Social Fitness, Part Two: a guest post by the developer of Social Fitness Training

Editor’s note: this is the second of a two-part guest post by Lynne Henderson, PhD, developer of the Social Fitness Training model and author of Helping Your Shy and Socially Anxious Client. (Read Part One here.)

One of the practices we developed at the shyness clinic, based on interpersonal theory and the work of Len Horowitz at Stanford and the people in his lab, is not responding to clients’ behavioral invitations to have others lead or dominate. Because research shows that agentic behavior is complementary and submissive behavior tends to invite others to lead or dominate, clients’ submissive behavior can invite dominating behavior in others. Therapists were trained to nonverbally refuse such invitations and say instead, “What do you think? What would you like to try or experiment with? What do you think would work best here?” We all learned to share leadership with the clients; and often, when we were a bit more than halfway through our 26-week group, clients would spontaneously take the lead.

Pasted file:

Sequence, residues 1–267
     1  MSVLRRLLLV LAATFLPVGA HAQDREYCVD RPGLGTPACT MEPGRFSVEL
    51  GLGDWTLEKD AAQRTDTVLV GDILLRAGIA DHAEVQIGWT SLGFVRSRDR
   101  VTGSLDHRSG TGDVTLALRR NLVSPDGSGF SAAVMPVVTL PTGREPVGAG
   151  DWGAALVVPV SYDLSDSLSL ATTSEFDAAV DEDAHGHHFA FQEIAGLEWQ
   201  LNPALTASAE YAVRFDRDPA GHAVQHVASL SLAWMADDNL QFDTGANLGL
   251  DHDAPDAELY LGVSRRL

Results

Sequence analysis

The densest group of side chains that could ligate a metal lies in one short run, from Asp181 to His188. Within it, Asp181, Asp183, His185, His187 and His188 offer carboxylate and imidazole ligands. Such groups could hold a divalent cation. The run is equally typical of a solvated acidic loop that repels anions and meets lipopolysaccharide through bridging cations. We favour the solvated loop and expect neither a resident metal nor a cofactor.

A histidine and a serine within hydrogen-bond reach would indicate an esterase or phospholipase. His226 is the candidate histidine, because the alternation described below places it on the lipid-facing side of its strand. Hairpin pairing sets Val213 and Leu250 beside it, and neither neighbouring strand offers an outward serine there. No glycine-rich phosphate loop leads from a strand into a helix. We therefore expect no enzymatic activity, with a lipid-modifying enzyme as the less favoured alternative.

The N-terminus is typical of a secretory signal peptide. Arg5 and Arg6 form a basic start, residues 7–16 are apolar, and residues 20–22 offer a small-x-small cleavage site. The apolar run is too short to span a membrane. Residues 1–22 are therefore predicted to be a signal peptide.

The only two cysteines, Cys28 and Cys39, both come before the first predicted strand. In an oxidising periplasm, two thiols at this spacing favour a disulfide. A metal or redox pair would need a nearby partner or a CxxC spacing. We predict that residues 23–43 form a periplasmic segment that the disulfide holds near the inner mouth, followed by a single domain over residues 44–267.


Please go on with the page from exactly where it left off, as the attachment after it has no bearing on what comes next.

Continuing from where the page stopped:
Shyness is also a way to pause and check the emotional safety of a situation and to take risks in paced and skillful ways. The pause-to-check idea came from Elaine Aron who studied highly sensitive people. Unfortunately, shyness became negatively stereotyped in our culture in the ‘50s when the emphasis in our culture turned to the importance of self-presentation, of looking extroverted and highly confident, which eventually led to an unfortunate focus on a narcissistic style. I believe that the focus on looking highly confident and extroverted contributed to the chronic self-criticism and shame that shy individuals often feel.

I also recognized while working with clients that emotion regulation was one of the toughest things for them to develop. Like Paul Gilbert, who was working with clients experiencing depression, I realized that the level of shame, self-criticism, and self-blame in shy individuals was so practiced that they needed something more to truly feel reassured about their basic worth and lovability, as well as to understand that shyness is an emotion that is adaptive in evolution and shared by all of us. We can just watch it come and go, and do what we value and care about at the same time.

I started by taking an MBSR facilitator training, to learn to teach clients how to simply watch thoughts and feelings come and go and to identify less with them. I also used more specific exercises from ACT to encourage defusion from their negative automatic thoughts, that is, to prompt them to become less identified with any thoughts and feelings. It is interesting to me how some clients prefer directly challenging negative thoughts and others prefer just watching them come and go and moving in their valued directions at the same time. Sometimes the same clients will prefer to challenge sometimes and to just watch at other times